Differing Viewpoints: If Jackson Was at Gettysburg, Would the CSA have Won the Battle? YES: Tom Roza; NO: Jim Rhetta
To enhance the experience and enjoyment for South Bay Civil War Roundtable members who attend the monthly meetings, a new format for presentation topics has been developed to augment the more traditional formats. The new format is entitled “Differing Viewpoints”.
For a specific Civil War related topic, two views are presented on whether a critical component or element was present or occurred that would have changed the outcome. The two views are: YES – the outcome would have been different; NO – the outcome would not have been different. Each view can be presented by one or more members with each view taking up no more than 15–20 minutes. Slides or other visual aids can be used to support a view. This is NOT a debate—just a presentation of differing views.
The vast majority of Civil War historians have concluded that the Battle of Gettysburg was the high water mark of the Confederacy’s effort to become an independent country. Over the nearly 160 years since the battle was fought in July 1863, there have been numerous discussions on whether the outcome of the battle would have been different if Confederate General Thomas “Stonewall” Jackson had not died in May 1863 from wounds suffered at the Battle of Chancellorsville. Tom Roza will present the YES view; Jim Rhetta will present the NO view.
Jim Rhetta retired from Lockheed Corp, and from the USAF Reserve as a Colonel in the Intelligence Community. In both careers he monitored, analyzed and reported on global conflicts and crisis for the DoD Community. His careers required him to write threat assessments, weekly activity reports, and publish classified documents. He continues to study both current events and historical subjects for their impacts on us today. He has made several presentations on social, economic, and military subjects of the Civil War.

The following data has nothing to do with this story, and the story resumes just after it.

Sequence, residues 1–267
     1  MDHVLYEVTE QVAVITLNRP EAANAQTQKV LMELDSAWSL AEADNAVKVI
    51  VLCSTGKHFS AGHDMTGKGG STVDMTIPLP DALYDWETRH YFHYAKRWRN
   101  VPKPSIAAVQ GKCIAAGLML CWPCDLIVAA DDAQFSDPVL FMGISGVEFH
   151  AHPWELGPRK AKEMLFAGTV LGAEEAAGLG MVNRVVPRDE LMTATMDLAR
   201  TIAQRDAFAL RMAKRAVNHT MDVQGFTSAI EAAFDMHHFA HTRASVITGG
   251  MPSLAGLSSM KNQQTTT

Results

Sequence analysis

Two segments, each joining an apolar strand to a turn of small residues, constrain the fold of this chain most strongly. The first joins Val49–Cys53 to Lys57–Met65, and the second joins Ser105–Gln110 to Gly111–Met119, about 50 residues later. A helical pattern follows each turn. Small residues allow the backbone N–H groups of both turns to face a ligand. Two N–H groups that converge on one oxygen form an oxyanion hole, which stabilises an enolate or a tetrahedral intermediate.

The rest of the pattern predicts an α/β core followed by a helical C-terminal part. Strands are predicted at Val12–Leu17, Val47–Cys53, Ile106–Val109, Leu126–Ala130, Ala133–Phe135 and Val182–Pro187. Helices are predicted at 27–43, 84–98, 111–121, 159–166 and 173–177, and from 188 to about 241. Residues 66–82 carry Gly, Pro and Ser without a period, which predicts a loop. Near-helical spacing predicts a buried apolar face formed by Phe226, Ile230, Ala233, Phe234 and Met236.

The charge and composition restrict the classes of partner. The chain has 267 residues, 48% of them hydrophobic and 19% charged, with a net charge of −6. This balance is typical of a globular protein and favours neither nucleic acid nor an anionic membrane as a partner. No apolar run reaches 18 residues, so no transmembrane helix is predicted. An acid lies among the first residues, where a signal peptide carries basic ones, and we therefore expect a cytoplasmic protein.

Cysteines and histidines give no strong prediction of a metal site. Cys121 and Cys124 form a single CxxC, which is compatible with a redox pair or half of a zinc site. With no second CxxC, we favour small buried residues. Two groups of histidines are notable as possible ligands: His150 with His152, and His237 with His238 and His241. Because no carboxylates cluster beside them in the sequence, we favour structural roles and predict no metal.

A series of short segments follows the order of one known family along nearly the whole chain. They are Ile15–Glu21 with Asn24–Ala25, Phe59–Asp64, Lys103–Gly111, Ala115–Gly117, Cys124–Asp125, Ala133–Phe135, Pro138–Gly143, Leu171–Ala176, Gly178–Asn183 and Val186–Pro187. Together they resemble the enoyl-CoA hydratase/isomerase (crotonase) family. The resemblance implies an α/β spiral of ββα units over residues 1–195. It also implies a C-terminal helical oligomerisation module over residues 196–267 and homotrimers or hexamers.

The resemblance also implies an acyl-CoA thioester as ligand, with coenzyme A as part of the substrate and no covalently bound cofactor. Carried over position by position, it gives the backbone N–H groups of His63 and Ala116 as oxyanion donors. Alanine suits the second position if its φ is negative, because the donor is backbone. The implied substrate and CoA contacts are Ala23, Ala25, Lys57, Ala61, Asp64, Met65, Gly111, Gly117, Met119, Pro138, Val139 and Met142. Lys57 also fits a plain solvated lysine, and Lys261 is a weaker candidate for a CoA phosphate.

Tom Roza has been a student of history for over 60 years. His interest in history in general and the Civil War in particular began with his elementary education in Milwaukee, Wisconsin and has evolved ever since. As an officer and the Secretary of the South Bay Civil War Roundtable, Tom has made numerous presentations on the topic of the Civil War to both his Roundtable organization and other historical organizations in the Bay Area. Tom is also a published author of the book entitled Windows to the Past: A Virginian’s Experience in the Civil War, which has been accepted by the Library of Congress into its Catalog; Tom is currently working on a sequel entitled Lost Cause – Justice Found.